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Hi

Agree with Douglas. I try to peak between -12db and -6 db and don't suffer many problems. -18db seems to be a little low.

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Old December 19th, 2006, 05:39 PM   #11
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Can I just point out that I wasn'tr peaking at -18db, but rather trying to keep that as as sort of constant. Perhaps I've been doing what we've been talking about all along.
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Old December 19th, 2006, 05:57 PM   #12
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Hi James

Sorry I didn't read your post properly. If you are averaging -18 db and peaking around -12 to -6 that sounds fine. I'm just sitting here trying to burn 120 dvds for tomorrow of a school show I filmed last week. I have 60 done so I am halfway there.

PS

I am also over half way through a bottle of red wine.

Cheers

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Old December 19th, 2006, 06:09 PM   #13
 
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Peaking to "around -12dB" means you are leaving a lot of bits on the table. It's like shooting half res video when you've got full rez available. It's all a numbers game, and you want to feed the highest level of audio possible without brickwalling, for best results. Peaking at -6dB with max hitting -3dB still leaves plenty of headroom for post, and gets you proper levels without normalizing. Unless your subject is a pulpit-thumpin' whisper to screamer, +/- 6dB of dynamic is in the groove. Subject content is of course, a big part of this. If you've got the whisper to screamer, 18dB of dynamic won't be enough. This is where an outboard compressor comes in very handy.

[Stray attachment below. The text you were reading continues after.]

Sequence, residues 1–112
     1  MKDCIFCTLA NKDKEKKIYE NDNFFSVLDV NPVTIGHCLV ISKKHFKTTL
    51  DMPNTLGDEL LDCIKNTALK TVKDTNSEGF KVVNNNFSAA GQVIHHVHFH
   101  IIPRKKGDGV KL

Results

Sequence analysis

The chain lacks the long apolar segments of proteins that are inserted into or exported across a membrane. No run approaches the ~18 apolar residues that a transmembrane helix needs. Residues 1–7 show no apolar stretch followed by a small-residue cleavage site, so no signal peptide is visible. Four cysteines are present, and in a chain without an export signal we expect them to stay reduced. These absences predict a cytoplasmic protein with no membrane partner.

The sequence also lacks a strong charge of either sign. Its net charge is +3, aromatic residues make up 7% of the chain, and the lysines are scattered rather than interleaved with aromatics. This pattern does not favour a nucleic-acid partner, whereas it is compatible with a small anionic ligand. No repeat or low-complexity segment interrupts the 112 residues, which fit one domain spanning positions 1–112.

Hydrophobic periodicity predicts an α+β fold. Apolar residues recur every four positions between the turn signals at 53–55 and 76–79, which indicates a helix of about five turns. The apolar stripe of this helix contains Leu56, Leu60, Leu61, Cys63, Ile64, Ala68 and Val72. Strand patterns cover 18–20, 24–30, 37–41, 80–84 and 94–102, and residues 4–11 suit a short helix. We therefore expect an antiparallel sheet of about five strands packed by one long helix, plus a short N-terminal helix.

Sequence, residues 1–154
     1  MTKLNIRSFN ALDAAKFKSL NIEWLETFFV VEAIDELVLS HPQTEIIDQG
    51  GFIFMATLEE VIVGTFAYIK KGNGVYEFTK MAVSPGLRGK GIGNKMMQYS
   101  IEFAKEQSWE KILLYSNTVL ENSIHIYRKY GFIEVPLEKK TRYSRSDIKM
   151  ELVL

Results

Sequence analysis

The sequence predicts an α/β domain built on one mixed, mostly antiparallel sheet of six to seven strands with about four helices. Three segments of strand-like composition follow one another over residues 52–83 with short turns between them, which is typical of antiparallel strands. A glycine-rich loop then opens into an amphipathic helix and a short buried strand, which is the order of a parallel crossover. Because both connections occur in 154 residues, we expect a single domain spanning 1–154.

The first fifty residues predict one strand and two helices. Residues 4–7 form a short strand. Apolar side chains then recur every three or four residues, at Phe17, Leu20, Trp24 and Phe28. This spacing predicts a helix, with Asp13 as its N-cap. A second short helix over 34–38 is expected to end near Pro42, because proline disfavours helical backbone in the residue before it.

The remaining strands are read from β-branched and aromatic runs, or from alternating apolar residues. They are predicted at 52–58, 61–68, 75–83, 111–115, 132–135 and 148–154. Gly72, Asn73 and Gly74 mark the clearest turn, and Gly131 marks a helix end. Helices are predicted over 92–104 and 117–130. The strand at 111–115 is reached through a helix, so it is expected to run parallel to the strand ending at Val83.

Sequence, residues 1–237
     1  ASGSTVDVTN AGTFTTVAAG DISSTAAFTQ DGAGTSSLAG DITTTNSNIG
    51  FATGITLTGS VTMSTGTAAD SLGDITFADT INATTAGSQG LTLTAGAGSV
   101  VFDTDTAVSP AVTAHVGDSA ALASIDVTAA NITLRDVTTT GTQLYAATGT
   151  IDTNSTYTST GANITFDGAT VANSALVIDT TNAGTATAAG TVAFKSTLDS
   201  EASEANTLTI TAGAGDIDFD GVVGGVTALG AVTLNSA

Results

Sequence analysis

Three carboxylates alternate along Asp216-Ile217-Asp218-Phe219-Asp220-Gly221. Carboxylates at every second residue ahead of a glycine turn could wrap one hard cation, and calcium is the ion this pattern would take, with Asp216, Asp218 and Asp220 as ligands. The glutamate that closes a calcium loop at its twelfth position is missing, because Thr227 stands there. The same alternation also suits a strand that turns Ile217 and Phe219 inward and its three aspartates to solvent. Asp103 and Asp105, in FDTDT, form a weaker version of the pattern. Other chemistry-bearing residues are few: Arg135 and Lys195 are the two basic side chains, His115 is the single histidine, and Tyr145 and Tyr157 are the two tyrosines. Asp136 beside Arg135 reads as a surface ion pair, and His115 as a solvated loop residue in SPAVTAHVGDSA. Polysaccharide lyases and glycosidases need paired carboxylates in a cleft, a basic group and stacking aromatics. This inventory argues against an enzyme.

Remember, HDV is a compressed audio format. It's already compromised. It's not a bad compromise, but the less you feed it, the more likely it is to bite you.
Additionally, you might want to go into system menu and set your output to 2v rather than 1v, if that's what the factory reset the output of the system to be.